Globe-Gazette from Mason City, Iowa on October 12, 1949 · Page 20
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Globe-Gazette from Mason City, Iowa · Page 20

Mason City, Iowa
Issue Date:
Wednesday, October 12, 1949
Page 20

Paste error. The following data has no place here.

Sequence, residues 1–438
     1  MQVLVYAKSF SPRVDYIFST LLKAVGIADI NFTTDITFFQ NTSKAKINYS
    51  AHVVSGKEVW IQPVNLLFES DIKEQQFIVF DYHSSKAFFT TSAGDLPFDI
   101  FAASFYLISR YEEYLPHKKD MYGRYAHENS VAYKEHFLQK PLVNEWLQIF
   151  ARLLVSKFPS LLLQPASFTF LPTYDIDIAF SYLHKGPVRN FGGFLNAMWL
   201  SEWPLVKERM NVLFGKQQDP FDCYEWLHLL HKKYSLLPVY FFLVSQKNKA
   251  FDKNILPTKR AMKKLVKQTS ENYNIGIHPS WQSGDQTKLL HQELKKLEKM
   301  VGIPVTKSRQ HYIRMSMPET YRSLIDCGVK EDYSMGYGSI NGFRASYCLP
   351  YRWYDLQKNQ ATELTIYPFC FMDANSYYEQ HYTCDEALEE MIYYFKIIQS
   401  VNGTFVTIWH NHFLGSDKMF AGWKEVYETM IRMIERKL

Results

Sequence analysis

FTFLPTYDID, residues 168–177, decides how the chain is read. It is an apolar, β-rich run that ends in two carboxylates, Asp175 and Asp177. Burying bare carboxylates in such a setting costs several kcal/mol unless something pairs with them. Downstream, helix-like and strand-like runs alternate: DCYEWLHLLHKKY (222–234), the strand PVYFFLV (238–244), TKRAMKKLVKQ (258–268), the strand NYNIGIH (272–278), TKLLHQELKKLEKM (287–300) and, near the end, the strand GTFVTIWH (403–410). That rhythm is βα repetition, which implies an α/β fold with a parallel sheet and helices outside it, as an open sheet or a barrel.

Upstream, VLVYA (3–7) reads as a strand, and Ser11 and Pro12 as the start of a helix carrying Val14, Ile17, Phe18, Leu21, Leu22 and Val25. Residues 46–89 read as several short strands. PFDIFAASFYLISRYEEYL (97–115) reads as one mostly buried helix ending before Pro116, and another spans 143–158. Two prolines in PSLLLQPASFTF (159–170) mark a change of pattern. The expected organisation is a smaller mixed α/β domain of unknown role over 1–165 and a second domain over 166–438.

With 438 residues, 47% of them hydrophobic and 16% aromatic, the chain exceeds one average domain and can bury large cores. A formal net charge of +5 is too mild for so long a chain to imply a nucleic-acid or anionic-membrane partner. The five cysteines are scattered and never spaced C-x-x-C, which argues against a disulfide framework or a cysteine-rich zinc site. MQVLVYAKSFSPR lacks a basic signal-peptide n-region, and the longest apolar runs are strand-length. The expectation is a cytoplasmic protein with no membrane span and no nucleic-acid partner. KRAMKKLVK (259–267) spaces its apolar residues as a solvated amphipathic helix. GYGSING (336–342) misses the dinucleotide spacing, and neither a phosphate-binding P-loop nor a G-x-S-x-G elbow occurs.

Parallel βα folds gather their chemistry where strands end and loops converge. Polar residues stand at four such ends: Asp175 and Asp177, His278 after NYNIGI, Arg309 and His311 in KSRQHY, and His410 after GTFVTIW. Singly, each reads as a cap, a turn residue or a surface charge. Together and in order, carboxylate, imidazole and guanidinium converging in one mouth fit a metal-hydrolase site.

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2 Mason City Boys Arrested at Manly Manly—Officers here arrested 2 Mason City youths in front of the Hidden Inn as. .they were about to remove a spotlight from a car owned by C. O Peterson of Mason Cityw Mayor Marvin Rusley said the boys were taken to Mason City where they were to be handled through juvenile court. , Lost Rites Wednesday for Lake Mills Woman Lake Mills — Funeral services for Mrs. Malena J. Moe, 77, will be held Wednesday at 2 p. m. at the Salem Lutheran church the Eev. Thomas A. Boe officiating. Burial will be in the North cemetery. She died in a hospital at Albert Lea, Minn., Saturday, following surgery. Surviving are 2 sons, Earl J. Moe of Albert Lea and Morris Moe of Rew Wing, Minn., 3 sisters and 3 brothers. Her husband, T. J. Moe, died in 1938. Mrs. Moe had served as chaplain of the American Legion auxiliary for the past 20 years. She was a lifetime resident of Lake Mills. U. S. history through the 19th Century can be traced by the American glassware created by skilled craftsmen who depicted outstanding events on bottles, plates and other pieces. TO CHICAGO You can really relax on The Milwaukee Road's air-conditioned MARQUETTE. Fast, convenient daytime schedule. No weather worries, no highway hazards. Stretch out at ease in a Hiawatha-type coach with individual reclining chairs or in a new and luxurious parlor car. There's a cozy restaurant for dining and buffet service. KeadDoiai ' D a jfy 11:50 am Lv. . 12:22 pm LT. . 12:45 pm Lv. . 1:27 pm LT. . 7:50 pm Ar Mason City Charles City New Hampton .. Cahnat . Chicago . Ar. Ar. Ar. Ar. Daily 7:45 ajn 6:56 am 6:21 am 5:21 am LY. 10:30 pm LOW COACH FARES Overnight return service in sleeping cars and coaches. For information, tickets and reservations, ask Mason City Ticket Ottie*. Phon» 82 B. H. Conrad, Division Pa»»«n<j»r Agent 9th St. and S. P»nn»ylTcrala AT*. Phon» 324 HEADS TEACHER GROUP— Henry T. Paine was elected president of the Federated Board of Mason City Teachers association at a meeting of the group held in the Administration building Monday. Paine, who is bandmaster at Roosevelt junior high and director of the high school marching band, succeeds R. E. Nyquist, junior college instructor. Lciiore C. Sorenson, 4th grade teacher at the Madison school was elected vice president; Rosalie Greemvalt, 3rd grade teacher at Washington school, secretary, and Orville A. George, junior college mathematics instructor, treasurer. Committee chairmen named were: Social, Esther Ahrens, 3rd grade teacher, Wilson school; public relations, R. E. Nyquist; salary, Edna Carstenseii of the junior college and auditing, Elta Franck, Roosevelt 9th grade English teacher. Former North Iowa Resident Succumbs Fredericksburg —A former Fredericksburg resident, Mrs. Elizabeth E. McConkey, died at Anamoose, N. Dak., She was the daughter of Mr. and Mrs. R. H. O'Day, born southeast of Fredericksburg, April 1, 1863. She was married to Claude McConkey June 22, 1905, living in this vicinity until 1924 when they moved to North Dakota. Her husband, her parents, an infant daugher and a sister, Mrs. Florence Fitzpatrick, preceded her in death. She is survived by one son, Cletus of Bismarck, N. Dak., a daughter, Mrs. Wilma Bernet, Anamoose, N. Dak.; 2 sisters, Mrs. Josie Thompson of Challis, Idaho; Irene O'Day, Fredericksburg, one brother, H. S. O'Day also of Fredericksburg. Funeral services were held at Anamoose with burial at Fredericksburg. Worth County Cancer Society Officers Named Fertile—The Wort h county chapter of the American Cancer society held its annual meeting at Northwood. Mrs. Rosa Snyder Tye of Curlew gave an interesting talk on accomplishments of the society. At the election of officers, Mrs. Phil Sheimo of Fertile was named chairman; Mrs. Palmer Heltne of Northwood secretary; Miss Eleanore Rustad of Northwood, treasurer; Mrs. Arnold Talle, Northwood, fund raising chairman, and Supt. Russell Baker, Northwood, education chairman. There is also a chairman for each town and township. The service committee consists of 5 members of the county medical society and the county nurse. Injured in Fall Joice —Mrs. Thomas Field, of Forest City, formerly of Joice suffered a broken hip recently .when she fe)l as she was going down the basement stairs at homo in the morning while washing clothes. She lay helpless at the foot of the stairs until Mr. Field arrived home at noon when she was taken to the Municipal hospital for treatment. The injury has been very painful. She remains a thf hospital. The Field family farmed south of Joice for man> years. Slorth Iowa Writer fakes UIU Course Nora Springs — Mrs. Jessie Merill Dwelle, who has been living t Plymouth during the past sum- ner, having moved there .* from Springs, is now located at CONTEST WINNER — First place winner of a photo contest conducted by the Goodman Jewelry store recently was Lorraine Mason, daughter of Mr. and Mrs. Vincent Mason, of route 1, Swaleclale. She was 8 months old when the picture was taken. Driver Fined Charles City — Robert Brown Charles City, was fined $100 .in Mayor Harold S. Henry's cour Monday on a charge of reckles driving. He was arrested by po lice at 5:15 p. m. Sunday on Granc avenue, near 18th avenue. Thursday at a hospital in Rochester. She is survived by her husband, a son, a daughter, 3 brothers and 5 sisters. She was active in church and in various clubs and societies. ^ayette, where she is taking a :ourse in literature at Upper Iowa university. Four thousand copies of Mrs. Dwelle's history, "Iowa Beautiful Land," have been pub- ished. The book, now in its second edition, is now also being used the grade school at Fayette, where the superintendent, Melvin olbert, has described the text as 'very well written." Paschke Rites Held Nashua —All places of business were closed Monday afternoon during the funeral of the late Edward L. Paschke, druggist, who died suddenly of a heart attack Thursday. Services at the Methodist church were under the auspices of the Masonic lodge. Oct. 11, 1949 13 Mason City Ulobe-Caiette, M*son City. U. Hancock Dairy Herd Test Results Shown Garner —Hancock's county dairy herd improvement asso c i a t i o n tested 23 herds during September with 256 cows in milk and 67 dry cows, making a total of 323 on test. The average production per cow (including dry cows) was 656 pounds of milk and 26.3 pounds of butterfat. The high cow for the month was a grade Holstein from the herd of Floyd Friedow & Sons. During a 305 lactation period she produced 14,299 pounds of milk and 597.4 pounds of butterfat. Tot Kurt at Play Manly—Dr. G. S. Westly was called to the Joe Enickson farm home Monday where their youngest boy, H years old, had met with a painful accident. Older children were tossing ash trays when one missed its mark and hit the,child near the eye, breaking into many pieces. The doctor finally succeeded in getting all the glass and closing the wounds. Last Rites Held St. Anssar —Funeral services for Mrs. Adolph Groth, 57, were held at the First Lutheran church Monday afternoon. She died •More Tea per Bag •More Flavor per Cup •More for Your Money "SALADA TEA-BAGS r THE MILWAUKEE ROAD The first radio telegraph service over water was set up in 1912 between San Francisco and Honolulu. e wall tires and whc«l discs optional at oilm coat America's buying it at a jet-propelled pace! Newl95O Studebaker TTie aerodynamic "next look"in cars! O N THE MARKET only a little more than one month—and already the fastest selling car in all Studebaker history! That's the amazing record to date of this dramatic new 1950 Studebaker. Public demand for this breath-taking automobile was so tremendous in September, Studebaker did its biggest month's business of all time! That's just a beginning apparently; All over the nation, day by day, people are buying new 1950 Studebakers more and more eagerly. Stop in. Take a [close-up look at Studebaker's trim, sleek "next look' 5 styling. Watch how fast you decide to get a 1950 Studebaker of your own. More for your money! Low, long, alluring! Higher compression Champion and Commander engines of increased horsepower • Self-stabilizing coil spring front wheel suspension • Wide-rim wheels and extra-low- pressure tires • Brakes automatically adjuse themselves • Symmetrically centered van- able ratio steering • Oversize windows and windshield • Glare-proof "black lighf'instru- ment panel diali • Automatic choke control. BALDUF-HAWLEY, Inc 626 So. Federal Phone 125 DAVIDSONS MASON CITY • IOWA'S LARGEST HOME FURNISHERS A SMALL PARAGRAPH ABOUT A BIG SERVICE Have Davidsons talented carpet men come to your home, to advise and assist you in the selection of correlated floor coverings. Whether for a single room or the entire house, there is no charge to you for this service. Something New in the Carpet World BY LEES french grey crystal aqua linden green blond beige strawberry rose Here's the luxury you've longed for—at a price you can afford. Just sink your feet into this carpet's rich, deep pile. Listen to your friends rave about its marvelous texture. Glo-tex is woven of the finest imported wools. Glotex Broadloom in 9, 12 and 15 foot widths, per sq. yd 11 -25 Glotex 27-inch Carpet, per yard. . .* i 7.95 EASY TERMS TAKE A LONG TIME TO PAY FOR WHAT YOU CAN ENJOY TODAY ENTRANCE into a startling new world . . . Loveliness . . . when the exquisite beauty of RALEIGH by Mohawk graces the floors . . . RALEIGH carpet, with a superb, sculptured look, is woven from soft, vibrant wools . . . designed in two refined patterns: Shell and Scroll. Far up among the leading "musts" in today's style trends, Raleigh is the choice of fashion-conscious homemakers. 9, 12 and 15 ft. widths 12.25 sq. yd. 27-in. Carpet, per yard 9.15 This Luxurious Grosvenor Wilton Will Do Things For Any Home! It's high and low looped pile. It's textured . . . that sculptured texture that is so stylized, so flowing in design. And there are five enlivened tones for your selection: Grey, rose, spray green, peach and beige. v *' Broadloom in 9, 12 and 15 foot widths, per square yard 11.25 8 35 27-inch widths, per yard